Puppy Stages

Your puppy will pass through many stages as they grow and develop. Many puppy owners can be shocked, surprised, or possibly freaked out by the way their cute little puppy is behaving. Below we have listed the different stages puppies go through until they achieve matured adulthood. Puppy behaviors can be linked to these stages, but it is important to recognize that these behaviors are not always acceptable and it is crucial to train and lead the way. The mother of your puppy will start the process by building the foundation, the responsibility is then turned over to you. It is incredibly important for you to train and lead your puppy to  be a happy, well-adjusted member of your family.

Puppy Toddler (3-8 Weeks):

“Mom teaches dog manners”

Beginning at 3 Weeks of Age:

The first lessons learned are dog specific behavioral patterns

  • They learn the meanings of various postures and the effect it has on their mother and litter mates
  • They learn how to bite and what it is like to be bitten
  • They will learn barking and what other vocalizations mean and their different uses
  • They learn how to establish social relationships with other dogs

Beginning at 5 Weeks of Age:

Vocalization and tempered activities (dog manners) are usually learned at about five weeks of age

  • They learn how to be submissive to the leader of the pack aka mom
  • They will learn and refine additional postures, vocalizations and acceptable dog interaction behaviors

Actions Their Mother Will Take:

Their mother will growl, snarl and snap to communicate. With a few very clear signals and repetitions, the young puppies will learn quickly. Soon a mother’s glare or low grown is all that is needed to keep a young pup in line. Litter mates also learn clear signals of communication with each other

During the toddler period, the labradoodle puppies emerge on their own from the litter, they begin to venture into their surrounding environment. The lessons learned in the toddler stage are critical. Puppies removed too early from their litter tend to be nervous, bark inappropriately, and tend to bite, simply because these lessons taught by their mother and litter mates were missed. Training and long-term behavioral problems can often be attributed to a puppy being removed from their litter much too soon.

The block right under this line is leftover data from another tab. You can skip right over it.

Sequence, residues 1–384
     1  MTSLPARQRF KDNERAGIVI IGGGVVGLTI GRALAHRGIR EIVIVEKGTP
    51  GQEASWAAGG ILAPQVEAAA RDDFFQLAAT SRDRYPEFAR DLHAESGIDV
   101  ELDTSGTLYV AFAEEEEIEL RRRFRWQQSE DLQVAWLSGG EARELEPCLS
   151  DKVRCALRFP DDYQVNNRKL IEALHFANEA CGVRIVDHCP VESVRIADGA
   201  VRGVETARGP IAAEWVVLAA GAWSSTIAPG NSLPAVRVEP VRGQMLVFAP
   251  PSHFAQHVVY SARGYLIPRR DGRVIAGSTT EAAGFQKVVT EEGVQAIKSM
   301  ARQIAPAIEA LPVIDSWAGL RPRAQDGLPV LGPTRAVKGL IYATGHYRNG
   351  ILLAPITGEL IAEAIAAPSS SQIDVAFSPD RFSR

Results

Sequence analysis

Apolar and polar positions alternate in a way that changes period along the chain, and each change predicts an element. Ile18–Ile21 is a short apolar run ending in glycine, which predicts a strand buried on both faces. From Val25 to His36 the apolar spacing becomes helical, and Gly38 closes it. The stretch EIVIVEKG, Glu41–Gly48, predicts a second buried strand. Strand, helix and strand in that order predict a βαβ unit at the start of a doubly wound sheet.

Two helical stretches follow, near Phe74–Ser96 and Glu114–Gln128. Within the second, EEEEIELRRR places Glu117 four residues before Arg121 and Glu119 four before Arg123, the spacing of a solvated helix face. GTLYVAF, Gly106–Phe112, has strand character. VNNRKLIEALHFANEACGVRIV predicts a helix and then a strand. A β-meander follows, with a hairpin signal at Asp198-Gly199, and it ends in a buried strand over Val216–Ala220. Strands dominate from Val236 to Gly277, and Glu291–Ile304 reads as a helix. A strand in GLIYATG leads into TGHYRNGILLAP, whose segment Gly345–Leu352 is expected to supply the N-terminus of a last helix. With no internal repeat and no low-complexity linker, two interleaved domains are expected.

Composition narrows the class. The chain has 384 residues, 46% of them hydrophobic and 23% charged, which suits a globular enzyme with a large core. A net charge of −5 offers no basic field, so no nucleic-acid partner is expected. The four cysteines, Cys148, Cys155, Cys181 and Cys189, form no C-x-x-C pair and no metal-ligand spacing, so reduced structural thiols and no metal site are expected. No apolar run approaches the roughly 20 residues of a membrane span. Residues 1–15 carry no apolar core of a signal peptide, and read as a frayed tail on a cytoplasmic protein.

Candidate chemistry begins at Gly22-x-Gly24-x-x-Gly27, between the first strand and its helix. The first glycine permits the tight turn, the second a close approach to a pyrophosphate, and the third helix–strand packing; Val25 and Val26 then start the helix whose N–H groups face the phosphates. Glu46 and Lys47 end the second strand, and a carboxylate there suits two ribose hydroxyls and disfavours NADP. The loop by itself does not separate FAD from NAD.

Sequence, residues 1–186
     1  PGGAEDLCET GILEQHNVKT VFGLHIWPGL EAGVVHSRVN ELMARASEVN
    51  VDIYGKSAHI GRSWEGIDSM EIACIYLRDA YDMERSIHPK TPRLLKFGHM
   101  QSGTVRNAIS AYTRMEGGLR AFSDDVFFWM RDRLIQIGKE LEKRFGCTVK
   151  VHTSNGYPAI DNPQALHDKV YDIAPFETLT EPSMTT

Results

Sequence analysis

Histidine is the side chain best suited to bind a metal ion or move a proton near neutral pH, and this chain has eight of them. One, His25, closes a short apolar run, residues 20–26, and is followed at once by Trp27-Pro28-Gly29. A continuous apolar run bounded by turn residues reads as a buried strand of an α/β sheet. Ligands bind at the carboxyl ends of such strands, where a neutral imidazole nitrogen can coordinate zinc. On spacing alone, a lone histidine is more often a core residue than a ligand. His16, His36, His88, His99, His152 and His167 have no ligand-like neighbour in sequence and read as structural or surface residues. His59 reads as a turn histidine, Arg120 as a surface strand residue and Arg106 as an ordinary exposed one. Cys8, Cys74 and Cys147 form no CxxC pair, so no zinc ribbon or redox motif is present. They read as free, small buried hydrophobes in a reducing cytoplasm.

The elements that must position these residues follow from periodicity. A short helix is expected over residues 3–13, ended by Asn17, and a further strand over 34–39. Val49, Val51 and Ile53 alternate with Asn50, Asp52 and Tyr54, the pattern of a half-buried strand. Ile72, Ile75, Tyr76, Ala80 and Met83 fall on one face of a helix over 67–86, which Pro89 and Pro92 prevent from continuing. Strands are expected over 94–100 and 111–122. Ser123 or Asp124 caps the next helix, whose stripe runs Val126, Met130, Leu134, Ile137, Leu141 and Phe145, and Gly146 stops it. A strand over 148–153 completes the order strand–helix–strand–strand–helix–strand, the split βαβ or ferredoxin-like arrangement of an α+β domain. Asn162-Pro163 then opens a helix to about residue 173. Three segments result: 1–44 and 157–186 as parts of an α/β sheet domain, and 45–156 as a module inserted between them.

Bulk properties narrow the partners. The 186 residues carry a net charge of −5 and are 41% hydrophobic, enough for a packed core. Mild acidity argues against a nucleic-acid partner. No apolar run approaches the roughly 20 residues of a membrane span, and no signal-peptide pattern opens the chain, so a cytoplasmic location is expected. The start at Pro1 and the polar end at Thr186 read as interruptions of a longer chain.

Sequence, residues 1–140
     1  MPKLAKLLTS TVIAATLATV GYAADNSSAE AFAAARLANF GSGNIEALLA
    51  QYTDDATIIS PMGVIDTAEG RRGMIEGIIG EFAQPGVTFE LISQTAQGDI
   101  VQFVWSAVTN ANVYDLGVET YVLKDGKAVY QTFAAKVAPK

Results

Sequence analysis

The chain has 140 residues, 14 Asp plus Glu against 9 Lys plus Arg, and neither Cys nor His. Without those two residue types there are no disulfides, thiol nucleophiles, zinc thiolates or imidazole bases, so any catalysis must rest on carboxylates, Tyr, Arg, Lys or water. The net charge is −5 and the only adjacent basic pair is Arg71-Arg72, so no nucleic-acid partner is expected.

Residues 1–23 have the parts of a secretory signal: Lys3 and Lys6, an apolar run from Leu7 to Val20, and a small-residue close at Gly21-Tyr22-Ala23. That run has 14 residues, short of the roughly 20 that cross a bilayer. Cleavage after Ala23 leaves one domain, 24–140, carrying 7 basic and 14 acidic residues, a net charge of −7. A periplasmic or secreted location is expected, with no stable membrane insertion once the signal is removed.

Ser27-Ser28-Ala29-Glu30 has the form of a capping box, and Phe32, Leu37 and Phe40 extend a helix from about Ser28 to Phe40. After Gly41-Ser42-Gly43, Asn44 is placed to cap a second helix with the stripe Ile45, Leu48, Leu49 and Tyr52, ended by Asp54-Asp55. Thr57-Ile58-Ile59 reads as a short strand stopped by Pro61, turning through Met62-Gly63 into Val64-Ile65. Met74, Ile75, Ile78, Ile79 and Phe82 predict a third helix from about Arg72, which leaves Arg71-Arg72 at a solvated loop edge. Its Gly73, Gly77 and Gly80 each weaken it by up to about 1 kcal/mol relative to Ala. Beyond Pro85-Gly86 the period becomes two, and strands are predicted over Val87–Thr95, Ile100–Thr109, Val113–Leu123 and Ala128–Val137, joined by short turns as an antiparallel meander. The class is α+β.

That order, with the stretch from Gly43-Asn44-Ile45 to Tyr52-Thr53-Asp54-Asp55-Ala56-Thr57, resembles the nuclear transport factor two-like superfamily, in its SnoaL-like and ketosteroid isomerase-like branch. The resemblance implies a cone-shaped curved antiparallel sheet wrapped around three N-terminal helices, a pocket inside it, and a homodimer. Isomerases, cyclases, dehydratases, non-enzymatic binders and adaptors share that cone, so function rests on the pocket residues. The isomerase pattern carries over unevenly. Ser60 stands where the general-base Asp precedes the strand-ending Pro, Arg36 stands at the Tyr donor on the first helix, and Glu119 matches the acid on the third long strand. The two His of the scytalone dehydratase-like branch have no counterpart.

Socialization Period (7-12 Weeks) and First Fear Imprint Period (8-11 Weeks):

“Lasting impact, rapid learning!”

Beginning at 7 Weeks of Age:

Things learned are permanent and will be challenging to change

  • Your puppy will have a short attention span
  • Your puppy is eager to learn
  • What your puppy does and learns now, they will do as an adult
  • Puppy’s temperament and personality will become more apparent
  • Your puppy will be transitioning its education from its mother to its human environment

Beginning at 8 Weeks and Ending Approximately at 11 Weeks of Age:

Any traumatic, painful, or frightening experience can have a lasting impact if not dealt with right away.

What You Can do:

  • Gradually introduce your puppy to new things, environments, and people
  • Make experiences positive by providing encouragement, treats, or toys
  • Do not push our puppy into fearful situations, take things slowly and allow your puppy to adjust and get used to new situation
  • Do not let others push your puppy or be forceful with them
  • Provide a secure and comforting demeanor and environment
  • Teach the puppy you are there to protect and lead them

Puppies that are denied socialization during this critical socialization period often become unpredictable because they are fearful and aggressive. It is during this time that your puppy needs to have positive experiences, they need to be gradually introduced to new things and begin the groundwork to a happy and well-adjusted dog.

Seniority Classification (12-16 Weeks):

“You are not the boss of me!”

Your puppy has now been home for a few weeks. They have been watching you and the family very closely, picking up on human behaviors and reactions, they are learning the pecking order of the pack. As they observe and learn, they will attempt to figure out where exactly they stand in the pack and to see if they can move up in the pack. Puppies are able to pick out the “weak links” and will start from the bottom, and try to move up. How could such a cute little puppy be such a pistol?

What is Happening:

  • Your puppy will begin to question authority
  • Your puppy will try to dominate
  • Your puppy may attempt to grab leashes
  • Your puppy will try to determine what activities are going to happen and when
  • Your puppy may growl
  • Your puppy may put their mouth on you
  • Your puppy can often become overly excited
  • Your puppy will attempt to move themselves up the pack order


Flight Instinct (4-8 Months):

“Fly like an eagle into the wind!”

Your cute little puppy has been following you around for weeks and months now, they are aware of where you are and would stay close. During this next period, that same cute little puppy will decide they are ready to go solo and take off running quicker than lightning. During this time, you should teach your puppy they must stay close by or come when called, this is critical. Failure to do this will result in a dog that will not be reliable to come or to stay close as an adult dog and very well could lead the dog into a life or death situation.

What is Happening:

  • Your puppy is becoming more independent
  • Your puppy that previously would never wander far, will venture off